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Obec G. v. Barr

United States District Court, D. Minnesota

October 16, 2019

Obec G., Petitioner,
v.
William Barr, United States Attorney General, [1] Respondent.

          REPORT AND RECOMMENDATION

          HILDY BOWBEER UNITED STATES MAGISTRATE JUDGE

         On August 14, 2019, Petitioner filed a petition for a writ of habeas corpus pursuant to 28 U.S.C. § 2241 challenging his continued detention pending removal. [Doc. No. 1.] The petition was referred to this Court for a report and recommendation pursuant to 28 U.S.C. § 636 and District of Minnesota Local Rule 72.1. Petitioner was removed from the United States on September 3, 2019, and his petition should be dismissed as moot.

         I. Background

         Petitioner is a citizen and native of South Sudan. (Pet. at 2; Resp't's Resp. at 2 [Doc. No. 11].) He entered the United States as a refugee on or about August 14, 2003. (Pet. at 2; Pryd Decl. Ex. A [Doc. No. 12-1].) On or about March 20, 2014, the Department of Homeland Security brought Petitioner into custody and commenced removal proceedings against him. (Pet. at 2.) On July 16, 2014, an immigration judge in Bloomington, Minnesota, ordered Petitioner removed from the United States to South Sudan. (Pryd Decl. ¶ 4, Ex. A.) On later determination that removal would not ensue in the reasonably foreseeable future, Petitioner was released under an Order of Supervision on April 17, 2015. (Pryd Decl. ¶ 5.)

         On December 14, 2018, Petitioner was arrested and served with a Revocation of Release because recent cooperation with the South Sudanese Government had made removal likely in the reasonably foreseeable future. (Pryd Decl. ¶ 6.) On September 3, 2019, Petitioner was removed from the United States to South Sudan via commercial airline. (Pryd Decl. ¶ 7, Ex. B). Respondent asks the Court to dismiss the petition as moot.

         II. Discussion

         Under article III, section 2, of the United States Constitution, federal court jurisdiction is limited “to actual, ongoing cases and controversies.” Haden v. Pelofsky, 212 F.3d 466, 469 (8th Cir. 2000). “When, during the course of litigation, the issues presented in a case lose their life because of the passage of time or a change in circumstances . . . and a federal court can no longer grant effective relief, the case is considered moot.” Id. (citation and quotation marks omitted). Article III mootness divests the Court of subject matter jurisdiction. See Id. If a court determines that it lacks subject-matter jurisdiction at any time during a case, the court must dismiss the action. Fed.R.Civ.P. 12(h)(3).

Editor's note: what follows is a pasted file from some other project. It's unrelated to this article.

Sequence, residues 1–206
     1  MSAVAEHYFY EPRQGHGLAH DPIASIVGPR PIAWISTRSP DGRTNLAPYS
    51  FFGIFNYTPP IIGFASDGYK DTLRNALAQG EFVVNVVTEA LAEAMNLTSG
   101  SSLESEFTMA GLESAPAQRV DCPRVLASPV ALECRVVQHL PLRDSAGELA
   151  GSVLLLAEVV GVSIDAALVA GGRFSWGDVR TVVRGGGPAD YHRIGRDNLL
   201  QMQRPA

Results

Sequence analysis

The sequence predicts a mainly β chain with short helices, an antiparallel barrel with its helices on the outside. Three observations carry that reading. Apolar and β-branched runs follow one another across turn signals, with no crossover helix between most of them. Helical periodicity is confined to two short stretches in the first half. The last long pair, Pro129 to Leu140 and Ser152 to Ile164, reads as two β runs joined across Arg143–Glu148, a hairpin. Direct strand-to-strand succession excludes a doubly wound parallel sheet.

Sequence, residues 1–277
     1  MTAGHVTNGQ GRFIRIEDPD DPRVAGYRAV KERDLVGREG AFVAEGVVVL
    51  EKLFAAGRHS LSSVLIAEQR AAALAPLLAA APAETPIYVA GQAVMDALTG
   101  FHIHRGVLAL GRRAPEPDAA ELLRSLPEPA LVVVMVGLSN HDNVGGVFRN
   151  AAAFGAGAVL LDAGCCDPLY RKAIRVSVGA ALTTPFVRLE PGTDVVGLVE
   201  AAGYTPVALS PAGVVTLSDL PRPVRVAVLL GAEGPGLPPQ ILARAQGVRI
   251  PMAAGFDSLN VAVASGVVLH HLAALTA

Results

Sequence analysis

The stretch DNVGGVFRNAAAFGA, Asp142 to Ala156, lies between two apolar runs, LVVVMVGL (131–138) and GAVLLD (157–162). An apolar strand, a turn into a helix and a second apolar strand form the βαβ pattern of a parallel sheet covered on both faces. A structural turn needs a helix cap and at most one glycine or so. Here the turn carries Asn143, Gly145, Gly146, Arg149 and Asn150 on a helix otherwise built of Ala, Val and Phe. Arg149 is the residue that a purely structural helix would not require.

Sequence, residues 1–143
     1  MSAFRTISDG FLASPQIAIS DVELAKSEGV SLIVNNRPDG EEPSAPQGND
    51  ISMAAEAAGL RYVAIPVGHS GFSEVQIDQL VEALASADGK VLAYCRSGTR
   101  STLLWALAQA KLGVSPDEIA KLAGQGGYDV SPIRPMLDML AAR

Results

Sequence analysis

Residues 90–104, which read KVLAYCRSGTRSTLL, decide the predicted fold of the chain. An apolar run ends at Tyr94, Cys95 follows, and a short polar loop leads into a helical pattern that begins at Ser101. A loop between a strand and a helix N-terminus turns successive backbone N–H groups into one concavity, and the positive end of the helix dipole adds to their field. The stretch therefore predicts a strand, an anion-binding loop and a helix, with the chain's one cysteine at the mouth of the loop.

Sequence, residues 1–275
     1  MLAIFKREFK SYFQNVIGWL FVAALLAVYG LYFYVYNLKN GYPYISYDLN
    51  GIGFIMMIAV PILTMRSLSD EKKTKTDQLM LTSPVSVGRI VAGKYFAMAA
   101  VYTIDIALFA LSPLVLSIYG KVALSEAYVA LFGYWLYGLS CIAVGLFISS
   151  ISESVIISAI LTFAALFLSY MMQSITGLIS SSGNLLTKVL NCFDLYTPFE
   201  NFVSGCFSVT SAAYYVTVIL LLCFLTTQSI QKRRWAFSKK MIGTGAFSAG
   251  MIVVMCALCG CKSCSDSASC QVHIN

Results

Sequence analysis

Petitioner's removal from the United States leaves nothing for the Court to grant by way of habeas relief. He is no longer in the custody of United States Immigration and Customs Enforcement, and as a result, the Court cannot order his release. Any such order would be ineffectual. Therefore, Petitioner's habeas petition is moot. See, e.g., Ahmed v. Sessions, No. 16-cv-2124 (DSD/HB), 2017 WL 3267738, at *2 (D. Minn. July 11, 2017), R. & R. adopted, 2017 WL 3268176 (D. Minn. July 31, 2017); Mhanna v. U.S. Dep't of Homeland Sec. Citizenship & Immig. Servs., No. 10-cv-292 (JRT/LIB), 2010 WL 5141803, at *12 (D. Minn. Dec. 13, 2010).

         Before recommending dismissal of the petition based on mootness, however, the Court must determine whether any of the following exceptions to mootness exist:

(1) secondary or “collateral” injuries survive after resolution of the primary injury; (2) the issue is deemed a wrong capable of repetition yet evading review; (3) the defendant voluntarily ceases an allegedly illegal practice but is free to resume it at any time; or (4) it is a properly certified class action suit.

See Ahmed, 2017 WL 3267738, at *2 (quoting Riley v. I.N.S., 310 F.3d 1253, 1257 (10th Cir. 2002)). The Court concludes that none of the exceptions apply in this case. First, there are no surviving secondary or collateral injuries stemming from the allegedly prolonged detention, and any alleged injuries arising from the final order of removal itself are not cognizable in federal court. See Id. Second, an allegedly unlawful period of immigration detention is unlikely to be repeated, given Petitioner's removal from the United States. See Id. Third, there is no reason to believe that Respondents acted purposely to deprive this Court of jurisdiction. Finally, the exception relating to class actions is inapplicable, because Petitioner requested relief only on his own behalf, not on behalf of a class of individuals. See id.

         Accordingly, based on all the files, records, and proceedings herein, IT IS HEREBY RECOMMENDED that Petitioner's petition for a writ of habeas corpus pursuant to 28 U.S.C. § 2241 [Doc. No. 1] be DISMISSED AS MOOT.

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